Local residents are in a state of constant panic as they have seen helicopters flying over their villages every day.
“Every day, [military helicopters] fly over our village and bomb the places where clashes are ongoing. We are worried that we will be hit one day,” said Pan Nin Village-Tract administrator U Win Myint. He said that Kyet They, Ar Pyaung and Nar Lway villages and their surroundings have all been targeted in these bombings.
Over 800 civilians from those three villages have fled from their homes and are taking shelter at Kayukphyulay Village in Namhsan Township and Mankhauk Village in Kyaukme Township. On the ground, those who have not yet fled are helping those have fled.
Local residents in Mongngawt, Kyaukme Township said the military unit based in their area had been firing artillery shells throughout the month of November and they are used to hearing it.
“Not even the children are afraid of those sounds. [The military] shot at the hills. We have heard that sound almost daily this month [November],” said restaurant owner Nan Kham of Mongngawt.
Compared to other hillside villages around it, Mongngawt is safer because it is surrounded by Tatmadaw military outposts, said locals.
A reporter for The Irrawaddy was in Mongngawt around noon on Nov. 26 and saw and heard three artillery shells fired from Mongngawt toward Pan Nin, which is around a two-hour motorbike drive from Mongngawt.
The shells fell on Panpaw Village in Pan Nin. Shortly afterwards, Panpaw residents fled on motorbikes toward Kyaukme, with three or four people sharing a motorbike along with bunches of clothes.
Gugin, a 15-year-old resident, was carrying three little girls on his motorbike.
“A clash is about to begin. Artillery shells fell on our village. There are a lot of TNLA soldiers in the village. They said at least one person must stay in each house. So, my father stayed. I am sending my sisters to Kyaukme,” he told The Irrawaddy.
He added that the roads leading to villages in the hills are not safe because the TNLA usually plants mines on those roads between 4 p.m. and 8 a.m., before rushing back to his motorbike and driving toward Kyaukme.
At the same time, U Win Myint was worried that artillery shells would fall in villages in Pan Nin Village-Tract. If more clashes happen in Pan Nin, local residents and displaced people have nowhere to run, he said.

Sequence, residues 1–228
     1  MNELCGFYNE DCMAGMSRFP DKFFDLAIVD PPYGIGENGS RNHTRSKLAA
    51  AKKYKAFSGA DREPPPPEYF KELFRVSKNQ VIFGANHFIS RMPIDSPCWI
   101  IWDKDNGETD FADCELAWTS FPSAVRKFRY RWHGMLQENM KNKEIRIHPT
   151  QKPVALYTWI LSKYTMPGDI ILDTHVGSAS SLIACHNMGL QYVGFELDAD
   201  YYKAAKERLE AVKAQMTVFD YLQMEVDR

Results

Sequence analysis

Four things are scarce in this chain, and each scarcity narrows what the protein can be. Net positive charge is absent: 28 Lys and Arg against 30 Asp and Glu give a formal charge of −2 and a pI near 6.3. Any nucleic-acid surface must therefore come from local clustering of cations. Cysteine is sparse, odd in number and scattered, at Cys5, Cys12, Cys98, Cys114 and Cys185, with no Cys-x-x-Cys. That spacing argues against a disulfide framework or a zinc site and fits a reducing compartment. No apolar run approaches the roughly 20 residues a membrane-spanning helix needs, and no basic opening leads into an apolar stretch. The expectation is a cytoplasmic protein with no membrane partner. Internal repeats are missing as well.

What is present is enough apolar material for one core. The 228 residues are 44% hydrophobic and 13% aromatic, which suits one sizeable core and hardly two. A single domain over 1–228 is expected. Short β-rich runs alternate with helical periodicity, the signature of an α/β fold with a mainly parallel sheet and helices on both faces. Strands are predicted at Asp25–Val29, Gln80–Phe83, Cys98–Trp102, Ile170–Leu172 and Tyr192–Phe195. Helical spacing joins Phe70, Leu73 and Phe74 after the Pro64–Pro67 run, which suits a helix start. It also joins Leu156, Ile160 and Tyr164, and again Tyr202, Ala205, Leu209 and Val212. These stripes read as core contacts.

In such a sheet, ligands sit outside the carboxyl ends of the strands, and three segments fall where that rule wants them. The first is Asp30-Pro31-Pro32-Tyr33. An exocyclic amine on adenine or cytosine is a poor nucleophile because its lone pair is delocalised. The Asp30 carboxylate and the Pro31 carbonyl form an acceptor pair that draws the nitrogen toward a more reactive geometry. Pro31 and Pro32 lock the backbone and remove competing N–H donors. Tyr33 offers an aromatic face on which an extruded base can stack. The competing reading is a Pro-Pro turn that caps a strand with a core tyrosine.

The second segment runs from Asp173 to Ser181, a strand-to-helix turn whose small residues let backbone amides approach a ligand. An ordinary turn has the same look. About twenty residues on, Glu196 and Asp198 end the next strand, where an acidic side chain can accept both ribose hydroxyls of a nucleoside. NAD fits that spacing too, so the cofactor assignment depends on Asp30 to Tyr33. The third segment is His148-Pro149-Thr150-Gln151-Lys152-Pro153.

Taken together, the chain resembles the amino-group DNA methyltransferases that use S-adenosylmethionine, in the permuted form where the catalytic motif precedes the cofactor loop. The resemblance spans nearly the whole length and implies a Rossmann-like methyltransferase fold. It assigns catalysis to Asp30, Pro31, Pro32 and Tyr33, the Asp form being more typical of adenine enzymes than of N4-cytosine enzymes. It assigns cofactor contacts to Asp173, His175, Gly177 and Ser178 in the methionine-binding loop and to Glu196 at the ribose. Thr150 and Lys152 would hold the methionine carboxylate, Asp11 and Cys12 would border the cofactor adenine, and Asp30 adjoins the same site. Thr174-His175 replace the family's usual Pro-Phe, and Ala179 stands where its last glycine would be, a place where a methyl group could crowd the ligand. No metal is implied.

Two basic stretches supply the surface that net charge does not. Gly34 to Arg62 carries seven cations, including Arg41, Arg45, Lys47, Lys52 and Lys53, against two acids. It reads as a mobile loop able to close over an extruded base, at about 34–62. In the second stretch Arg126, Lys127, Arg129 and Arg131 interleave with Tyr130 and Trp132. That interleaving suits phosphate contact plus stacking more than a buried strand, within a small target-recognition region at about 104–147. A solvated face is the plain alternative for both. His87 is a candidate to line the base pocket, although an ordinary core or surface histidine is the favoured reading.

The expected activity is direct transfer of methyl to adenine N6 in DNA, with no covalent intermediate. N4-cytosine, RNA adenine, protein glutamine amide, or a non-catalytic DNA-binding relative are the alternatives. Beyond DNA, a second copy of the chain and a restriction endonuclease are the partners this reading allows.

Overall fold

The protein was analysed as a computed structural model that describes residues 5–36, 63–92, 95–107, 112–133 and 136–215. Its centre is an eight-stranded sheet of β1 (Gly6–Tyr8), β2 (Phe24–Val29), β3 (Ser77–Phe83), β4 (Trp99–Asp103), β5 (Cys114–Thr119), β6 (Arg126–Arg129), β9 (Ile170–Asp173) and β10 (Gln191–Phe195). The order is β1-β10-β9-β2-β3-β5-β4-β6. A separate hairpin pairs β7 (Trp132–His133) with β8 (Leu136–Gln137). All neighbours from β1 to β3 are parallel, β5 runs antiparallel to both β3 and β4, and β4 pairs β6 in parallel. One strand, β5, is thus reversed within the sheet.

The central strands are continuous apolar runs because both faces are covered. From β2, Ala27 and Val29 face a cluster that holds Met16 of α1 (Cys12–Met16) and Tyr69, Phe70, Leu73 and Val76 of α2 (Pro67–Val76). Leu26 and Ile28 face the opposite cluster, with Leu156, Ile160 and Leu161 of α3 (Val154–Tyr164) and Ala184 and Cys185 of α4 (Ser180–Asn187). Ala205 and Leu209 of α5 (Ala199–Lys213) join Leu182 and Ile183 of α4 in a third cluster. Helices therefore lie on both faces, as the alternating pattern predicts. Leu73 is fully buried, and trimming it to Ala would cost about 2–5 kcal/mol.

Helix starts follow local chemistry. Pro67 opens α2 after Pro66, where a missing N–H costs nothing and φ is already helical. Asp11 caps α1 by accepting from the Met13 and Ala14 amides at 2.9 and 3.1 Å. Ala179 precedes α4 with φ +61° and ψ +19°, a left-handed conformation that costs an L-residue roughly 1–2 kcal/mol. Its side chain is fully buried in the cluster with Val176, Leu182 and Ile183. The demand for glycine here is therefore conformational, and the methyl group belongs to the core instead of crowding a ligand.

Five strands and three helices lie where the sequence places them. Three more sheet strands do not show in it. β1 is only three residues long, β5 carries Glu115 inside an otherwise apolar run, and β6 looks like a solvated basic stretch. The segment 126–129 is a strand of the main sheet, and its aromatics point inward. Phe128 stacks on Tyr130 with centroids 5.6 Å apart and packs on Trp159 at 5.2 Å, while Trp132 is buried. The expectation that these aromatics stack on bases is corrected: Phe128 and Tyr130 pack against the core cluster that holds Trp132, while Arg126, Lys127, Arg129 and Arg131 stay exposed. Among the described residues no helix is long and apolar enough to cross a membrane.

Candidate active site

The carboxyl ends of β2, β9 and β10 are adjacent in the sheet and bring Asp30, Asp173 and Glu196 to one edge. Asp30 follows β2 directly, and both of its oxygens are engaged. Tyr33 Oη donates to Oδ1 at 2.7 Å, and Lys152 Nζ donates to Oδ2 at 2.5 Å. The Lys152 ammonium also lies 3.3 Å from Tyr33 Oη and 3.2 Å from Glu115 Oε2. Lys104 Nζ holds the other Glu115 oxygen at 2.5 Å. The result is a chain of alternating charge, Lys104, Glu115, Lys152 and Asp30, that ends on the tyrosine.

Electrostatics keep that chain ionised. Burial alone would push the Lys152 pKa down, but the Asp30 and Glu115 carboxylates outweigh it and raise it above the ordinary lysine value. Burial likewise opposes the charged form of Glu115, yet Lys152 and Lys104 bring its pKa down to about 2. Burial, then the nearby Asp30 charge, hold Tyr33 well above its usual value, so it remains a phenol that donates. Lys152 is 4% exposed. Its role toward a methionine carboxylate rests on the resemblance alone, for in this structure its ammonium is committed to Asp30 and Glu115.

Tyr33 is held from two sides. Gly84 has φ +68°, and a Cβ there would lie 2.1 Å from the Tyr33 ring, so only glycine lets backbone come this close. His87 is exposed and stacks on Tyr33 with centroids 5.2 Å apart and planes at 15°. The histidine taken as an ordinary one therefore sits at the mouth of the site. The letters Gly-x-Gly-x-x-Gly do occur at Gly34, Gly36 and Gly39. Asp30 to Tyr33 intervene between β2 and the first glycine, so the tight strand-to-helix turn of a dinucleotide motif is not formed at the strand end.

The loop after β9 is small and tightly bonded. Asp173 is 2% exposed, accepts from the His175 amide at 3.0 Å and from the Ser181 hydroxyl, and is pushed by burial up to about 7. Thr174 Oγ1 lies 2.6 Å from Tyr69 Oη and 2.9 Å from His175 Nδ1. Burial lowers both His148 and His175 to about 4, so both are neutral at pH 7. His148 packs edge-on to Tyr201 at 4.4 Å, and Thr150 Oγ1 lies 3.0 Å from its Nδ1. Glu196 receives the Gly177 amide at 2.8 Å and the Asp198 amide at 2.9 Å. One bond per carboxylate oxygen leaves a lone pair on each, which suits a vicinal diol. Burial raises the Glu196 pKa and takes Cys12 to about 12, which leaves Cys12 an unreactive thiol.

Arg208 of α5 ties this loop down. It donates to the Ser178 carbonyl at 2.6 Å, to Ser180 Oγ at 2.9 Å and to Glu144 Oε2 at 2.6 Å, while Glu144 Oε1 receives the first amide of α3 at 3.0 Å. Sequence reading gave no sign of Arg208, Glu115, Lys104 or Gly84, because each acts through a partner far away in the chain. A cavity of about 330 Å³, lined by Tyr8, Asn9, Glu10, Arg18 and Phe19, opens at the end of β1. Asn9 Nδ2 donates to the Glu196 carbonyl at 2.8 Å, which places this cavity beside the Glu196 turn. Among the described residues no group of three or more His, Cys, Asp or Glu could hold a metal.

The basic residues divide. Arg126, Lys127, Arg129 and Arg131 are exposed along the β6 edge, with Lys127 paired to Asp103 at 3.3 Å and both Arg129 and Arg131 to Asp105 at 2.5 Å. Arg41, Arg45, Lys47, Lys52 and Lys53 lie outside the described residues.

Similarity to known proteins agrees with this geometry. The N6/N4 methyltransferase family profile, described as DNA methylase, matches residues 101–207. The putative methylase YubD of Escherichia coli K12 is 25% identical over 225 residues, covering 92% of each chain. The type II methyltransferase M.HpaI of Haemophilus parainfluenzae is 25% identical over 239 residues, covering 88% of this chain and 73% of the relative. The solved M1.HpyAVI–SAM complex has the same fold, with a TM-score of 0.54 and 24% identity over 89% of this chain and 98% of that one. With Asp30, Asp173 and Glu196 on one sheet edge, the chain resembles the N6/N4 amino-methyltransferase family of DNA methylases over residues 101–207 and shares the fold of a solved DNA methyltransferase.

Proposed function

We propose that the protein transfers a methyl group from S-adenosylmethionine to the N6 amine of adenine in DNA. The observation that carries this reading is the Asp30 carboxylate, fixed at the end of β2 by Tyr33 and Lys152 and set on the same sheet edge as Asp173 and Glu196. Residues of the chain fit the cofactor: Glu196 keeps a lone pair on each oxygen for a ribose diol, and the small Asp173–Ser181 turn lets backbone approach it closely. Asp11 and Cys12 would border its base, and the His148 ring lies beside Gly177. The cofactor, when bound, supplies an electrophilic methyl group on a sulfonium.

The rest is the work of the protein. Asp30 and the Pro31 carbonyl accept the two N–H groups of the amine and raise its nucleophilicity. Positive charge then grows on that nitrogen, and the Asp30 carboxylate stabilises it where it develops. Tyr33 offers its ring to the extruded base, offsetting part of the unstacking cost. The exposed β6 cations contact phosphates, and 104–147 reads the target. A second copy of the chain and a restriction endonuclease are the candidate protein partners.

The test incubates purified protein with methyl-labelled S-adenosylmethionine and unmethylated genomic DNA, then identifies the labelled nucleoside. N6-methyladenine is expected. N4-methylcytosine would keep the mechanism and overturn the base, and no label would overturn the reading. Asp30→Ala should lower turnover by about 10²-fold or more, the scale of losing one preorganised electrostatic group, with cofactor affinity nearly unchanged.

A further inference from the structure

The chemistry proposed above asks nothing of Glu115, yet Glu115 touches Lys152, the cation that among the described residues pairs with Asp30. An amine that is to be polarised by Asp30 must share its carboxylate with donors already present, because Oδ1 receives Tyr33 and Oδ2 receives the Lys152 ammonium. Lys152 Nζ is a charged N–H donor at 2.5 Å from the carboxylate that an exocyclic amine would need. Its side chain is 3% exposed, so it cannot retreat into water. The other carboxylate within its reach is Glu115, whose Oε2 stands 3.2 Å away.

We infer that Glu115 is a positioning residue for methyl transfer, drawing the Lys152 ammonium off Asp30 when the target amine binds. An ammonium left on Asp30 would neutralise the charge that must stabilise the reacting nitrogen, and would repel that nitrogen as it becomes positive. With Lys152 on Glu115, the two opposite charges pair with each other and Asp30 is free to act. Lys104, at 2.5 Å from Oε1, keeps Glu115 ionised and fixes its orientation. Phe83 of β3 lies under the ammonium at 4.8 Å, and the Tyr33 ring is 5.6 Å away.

“I am always obsessed about the possibility of artillery shells falling on our village. In the middle of the night, I wake up with anxiety and I hear the sounds of shelling. We are humans—please spare us,” he said, crying.
He said he was feeling suffocated by his responsibility to take care of his villagers and the displaced people taking shelter in his village. He said he wants to go back to living a peaceful life as soon as possible.
As clashes continue on the ground, there are also disagreements between the TNLA and the military over their territories. The Tatmadaw has demanded that the TNLA operate only in Mantong and Namhsan townships—the two townships that make up the Palaung Self-Administered Zone—but the TNLA is active across northern Shan State. The two sides are also attempting to negotiate a bilateral ceasefire agreement.
“They are holding talks but it is not connected to the fighting on the ground. I want to ask them to stop fighting. We are the victims of the clashes. We have to be afraid of both sides,” said U Win Myint.
It is a customary practice for village administrators to provide accommodation and meals for any armed groups visiting their village. In times of clashes, villagers say they do not feel safe being together with soldiers from any side. Though local residents in northern Shan State don’t always talk openly about their feelings, their faces reflect fear and anxiety as their future remains uncertain.
Infants and the elderly are also bearing the brunt of clashes between the Tatmadaw and the TNLA. Daw Aye Kywe, one of those displaced in northern Shan State, fled from the violence when her baby was just four months old. Like her fellow displaced residents, she lacked blankets and warm clothes to shield her and her child against the cold. At the camp in Pan Nin Village-Tract, she has to live together with around 50 other people. She said she does not want to flee again through the forest in the cold December weather without blankets.
“All I can do is to pray that the two sides will reach an agreement,” she said.
Translated from Burmese by Thet Ko Ko